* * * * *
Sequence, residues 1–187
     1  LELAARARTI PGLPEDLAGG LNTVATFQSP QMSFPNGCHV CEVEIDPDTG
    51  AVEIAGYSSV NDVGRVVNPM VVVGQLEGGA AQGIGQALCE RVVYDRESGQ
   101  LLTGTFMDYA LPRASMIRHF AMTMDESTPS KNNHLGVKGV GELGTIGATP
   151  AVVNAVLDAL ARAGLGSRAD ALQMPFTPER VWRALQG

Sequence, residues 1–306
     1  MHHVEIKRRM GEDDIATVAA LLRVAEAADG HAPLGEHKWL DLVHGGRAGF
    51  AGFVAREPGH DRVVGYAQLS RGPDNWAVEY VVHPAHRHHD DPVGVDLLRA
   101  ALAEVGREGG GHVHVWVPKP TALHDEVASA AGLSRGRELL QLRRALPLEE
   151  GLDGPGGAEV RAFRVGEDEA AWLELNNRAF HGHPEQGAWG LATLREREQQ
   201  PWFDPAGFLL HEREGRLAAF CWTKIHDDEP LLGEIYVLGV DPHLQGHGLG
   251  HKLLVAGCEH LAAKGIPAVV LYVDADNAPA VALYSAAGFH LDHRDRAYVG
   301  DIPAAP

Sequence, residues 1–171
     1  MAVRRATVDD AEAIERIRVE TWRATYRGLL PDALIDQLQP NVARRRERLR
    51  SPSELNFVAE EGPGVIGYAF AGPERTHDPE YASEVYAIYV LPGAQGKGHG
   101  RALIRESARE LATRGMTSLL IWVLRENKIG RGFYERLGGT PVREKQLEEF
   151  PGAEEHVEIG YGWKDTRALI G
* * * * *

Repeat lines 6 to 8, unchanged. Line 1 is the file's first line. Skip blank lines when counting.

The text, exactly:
Sequence, residues 1–306
     1  MHHVEIKRRM GEDDIATVAA LLRVAEAADG HAPLGEHKWL DLVHGGRAGF
    51  AGFVAREPGH DRVVGYAQLS RGPDNWAVEY VVHPAHRHHD DPVGVDLLRA